The problem with this approach is that adding more untrustworthy people to a system doesn’t start making them trustworthy. If I can bribe one person, then I can bribe the person who is supposed to make sure that no one gets bribed. In the end, we just end up with more people to bribe.

And that’s if you’re lucky. If you’re unlucky, people are “ethical” and the whole thing grinds to a halt. To get your new building built you first need authorization from the wetlands licensing committee, and the lady from the licensing committee wants thirteen forms in triplicate proving that your building won’t impact the mating habits of a rare toad that you are pretty sure doesn’t even live in your state. To get your study on the efficacy of a survey your clinic already hands out to patients approved by the ethics board of your local institution you first have to prove that you will not be collecting personal data from at-risk patients, but you can’t know if they are “at risk” until after you collect their data. Or maybe the guy who is supposed to send you the form you have to fill out simply isn’t returning your phone calls and you can’t figure out from the website where his office is located.

The more you try to fight bureaucracy with more bureaucracy, the more bureaucracy wins, and the bureaucracy does not care if you starve to death, you Kulak.

To the bureaucracy, you are always a Kulak.

There are two ways to break a bureaucracy. One, total system collapse. This happened to the Soviet Union. It takes a long time, it’s not fun, and you can starve to death in the meanwhile. The replacement system may not be much better.

The other is to increase trust so that people don’t advocate for more bureaucracy in the first place. True, this doesn’t get rid of what you’ve got, but at least it contains the spread.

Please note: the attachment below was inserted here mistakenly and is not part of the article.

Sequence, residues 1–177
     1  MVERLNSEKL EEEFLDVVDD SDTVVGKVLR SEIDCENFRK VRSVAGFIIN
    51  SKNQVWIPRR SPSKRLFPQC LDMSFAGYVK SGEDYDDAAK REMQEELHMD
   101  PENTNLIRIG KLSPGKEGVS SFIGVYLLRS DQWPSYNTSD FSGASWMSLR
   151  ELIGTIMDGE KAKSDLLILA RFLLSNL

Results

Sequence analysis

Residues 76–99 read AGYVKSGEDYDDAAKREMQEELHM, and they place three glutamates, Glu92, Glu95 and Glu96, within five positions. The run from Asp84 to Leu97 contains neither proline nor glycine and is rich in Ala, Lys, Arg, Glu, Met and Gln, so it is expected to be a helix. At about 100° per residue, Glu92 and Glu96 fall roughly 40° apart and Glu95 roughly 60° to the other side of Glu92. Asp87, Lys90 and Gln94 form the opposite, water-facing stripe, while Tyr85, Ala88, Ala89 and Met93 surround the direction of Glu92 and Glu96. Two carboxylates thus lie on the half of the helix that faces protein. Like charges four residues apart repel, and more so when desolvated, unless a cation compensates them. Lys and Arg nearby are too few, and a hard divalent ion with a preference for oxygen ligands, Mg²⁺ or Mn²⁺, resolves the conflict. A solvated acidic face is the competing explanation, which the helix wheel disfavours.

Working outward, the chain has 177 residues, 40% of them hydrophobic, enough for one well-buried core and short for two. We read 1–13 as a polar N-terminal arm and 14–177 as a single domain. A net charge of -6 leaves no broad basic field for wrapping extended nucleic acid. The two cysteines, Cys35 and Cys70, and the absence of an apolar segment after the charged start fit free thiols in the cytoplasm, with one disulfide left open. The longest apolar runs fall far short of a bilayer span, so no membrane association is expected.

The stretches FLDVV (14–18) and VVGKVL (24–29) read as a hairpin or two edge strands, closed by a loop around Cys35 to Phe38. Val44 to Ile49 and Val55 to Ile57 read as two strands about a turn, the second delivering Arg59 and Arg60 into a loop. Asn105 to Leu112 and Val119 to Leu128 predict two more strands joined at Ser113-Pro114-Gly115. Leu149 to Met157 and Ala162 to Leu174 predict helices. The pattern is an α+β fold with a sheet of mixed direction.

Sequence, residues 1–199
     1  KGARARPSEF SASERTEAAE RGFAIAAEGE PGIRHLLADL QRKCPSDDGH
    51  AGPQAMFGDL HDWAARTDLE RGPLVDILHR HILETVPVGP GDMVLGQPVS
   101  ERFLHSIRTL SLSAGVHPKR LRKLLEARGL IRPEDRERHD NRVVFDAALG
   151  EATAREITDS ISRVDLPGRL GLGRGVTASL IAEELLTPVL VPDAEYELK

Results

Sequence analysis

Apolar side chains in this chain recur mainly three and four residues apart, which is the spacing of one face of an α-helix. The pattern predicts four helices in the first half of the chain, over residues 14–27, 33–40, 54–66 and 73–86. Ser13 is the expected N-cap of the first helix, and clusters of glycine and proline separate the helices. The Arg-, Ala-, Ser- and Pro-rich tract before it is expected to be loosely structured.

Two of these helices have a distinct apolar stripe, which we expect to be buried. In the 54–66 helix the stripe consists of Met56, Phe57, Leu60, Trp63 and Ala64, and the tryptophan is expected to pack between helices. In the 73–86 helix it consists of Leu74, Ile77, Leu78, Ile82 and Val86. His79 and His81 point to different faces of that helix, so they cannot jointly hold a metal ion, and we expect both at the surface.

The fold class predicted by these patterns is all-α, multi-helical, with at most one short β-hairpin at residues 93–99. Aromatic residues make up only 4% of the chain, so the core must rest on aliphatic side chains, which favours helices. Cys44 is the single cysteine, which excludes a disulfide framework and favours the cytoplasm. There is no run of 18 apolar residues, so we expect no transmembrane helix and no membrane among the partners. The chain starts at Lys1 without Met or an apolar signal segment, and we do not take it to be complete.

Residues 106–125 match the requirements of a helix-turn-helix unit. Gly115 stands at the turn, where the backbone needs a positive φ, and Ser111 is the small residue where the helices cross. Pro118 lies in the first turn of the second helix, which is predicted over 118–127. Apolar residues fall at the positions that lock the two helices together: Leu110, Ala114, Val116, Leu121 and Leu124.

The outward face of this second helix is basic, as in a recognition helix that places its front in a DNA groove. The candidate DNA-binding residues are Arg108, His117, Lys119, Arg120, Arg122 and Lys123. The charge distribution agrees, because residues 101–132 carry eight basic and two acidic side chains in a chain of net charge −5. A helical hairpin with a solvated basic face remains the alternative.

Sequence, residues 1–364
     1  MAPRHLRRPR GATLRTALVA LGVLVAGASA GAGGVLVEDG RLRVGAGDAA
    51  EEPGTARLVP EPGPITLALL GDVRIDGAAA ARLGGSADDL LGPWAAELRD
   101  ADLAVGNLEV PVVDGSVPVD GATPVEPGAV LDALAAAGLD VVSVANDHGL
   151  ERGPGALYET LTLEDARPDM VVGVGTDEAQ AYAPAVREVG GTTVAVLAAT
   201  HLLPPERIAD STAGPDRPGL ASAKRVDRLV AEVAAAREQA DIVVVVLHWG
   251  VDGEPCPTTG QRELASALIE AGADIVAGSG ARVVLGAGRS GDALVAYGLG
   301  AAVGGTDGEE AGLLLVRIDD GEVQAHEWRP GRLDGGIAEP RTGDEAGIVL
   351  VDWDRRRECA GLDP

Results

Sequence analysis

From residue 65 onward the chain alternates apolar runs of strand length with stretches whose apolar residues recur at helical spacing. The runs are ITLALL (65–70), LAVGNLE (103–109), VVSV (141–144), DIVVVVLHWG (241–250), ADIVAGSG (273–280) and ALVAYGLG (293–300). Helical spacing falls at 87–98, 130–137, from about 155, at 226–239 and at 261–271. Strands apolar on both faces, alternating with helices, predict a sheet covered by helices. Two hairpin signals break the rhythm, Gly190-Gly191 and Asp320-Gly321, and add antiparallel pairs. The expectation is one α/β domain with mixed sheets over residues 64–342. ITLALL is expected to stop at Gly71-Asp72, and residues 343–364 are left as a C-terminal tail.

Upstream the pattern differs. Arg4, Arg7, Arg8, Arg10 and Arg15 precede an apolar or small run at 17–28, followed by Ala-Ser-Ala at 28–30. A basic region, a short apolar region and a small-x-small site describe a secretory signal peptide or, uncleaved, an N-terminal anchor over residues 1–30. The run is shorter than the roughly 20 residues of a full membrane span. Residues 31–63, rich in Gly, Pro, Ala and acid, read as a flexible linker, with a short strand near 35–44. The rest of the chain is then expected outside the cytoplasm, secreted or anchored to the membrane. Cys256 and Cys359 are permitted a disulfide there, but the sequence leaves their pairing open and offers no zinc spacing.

Trust is hard to get, though. You could do a thousand year breeding experiment. You could try to brainwash children. Or you could look at how the incentives are set up in your society and try to align them with the outcomes you want to achieve. (We can try, at least.)

Aligning incentives requires doing something hard: admitting that humans are human. Communism keeps failing because of “wreckers,” aka ordinary humans. Humans will lie, cheat, and steal if it benefits themselves; this is why we have police. Humans will also fall in love, have sex, and make children. We will then cheat and steal to feed our children, if need be, because we love them.

Accept human nature and align incentives accordingly. (Easier said than done, of course.)

Here is an entertaining example:

For simplicity’s sake, I’ll quote the rest:

The mafia backed company actually had good, fresh food! Most of the mobsters’ kids went to those schools (several I went to school with saw their dads go down). The sandwiches were real hoagies on good bread, there was fresh fruit, juice, etc. All local.

Then, overnight, all their food was gone, and their vending machines too. And they were replaced by the corporate equivalent. And we were excited too! National brands, etc! Now the good stuff! Nope.

The corporate food was shite. No more local, fresh ingredients. The portions were smaller. All the food was overly processed and overpriced. It was just nasty. I remember my dad and others laughing bitterly about it.

At the time, I was struck by how these unintended consequences were the most visceral ones. Later in life, I came to realize that this was the norm: that the unintended consequences of any major political change are often the ones with the greatest impact.

But it was also my first inkling that the real world differences between the literal mafia, and the even greater power of modern corporations, were not as black and white, or clear cut, as those who benefitted from the latter would have any of us believe. Fin/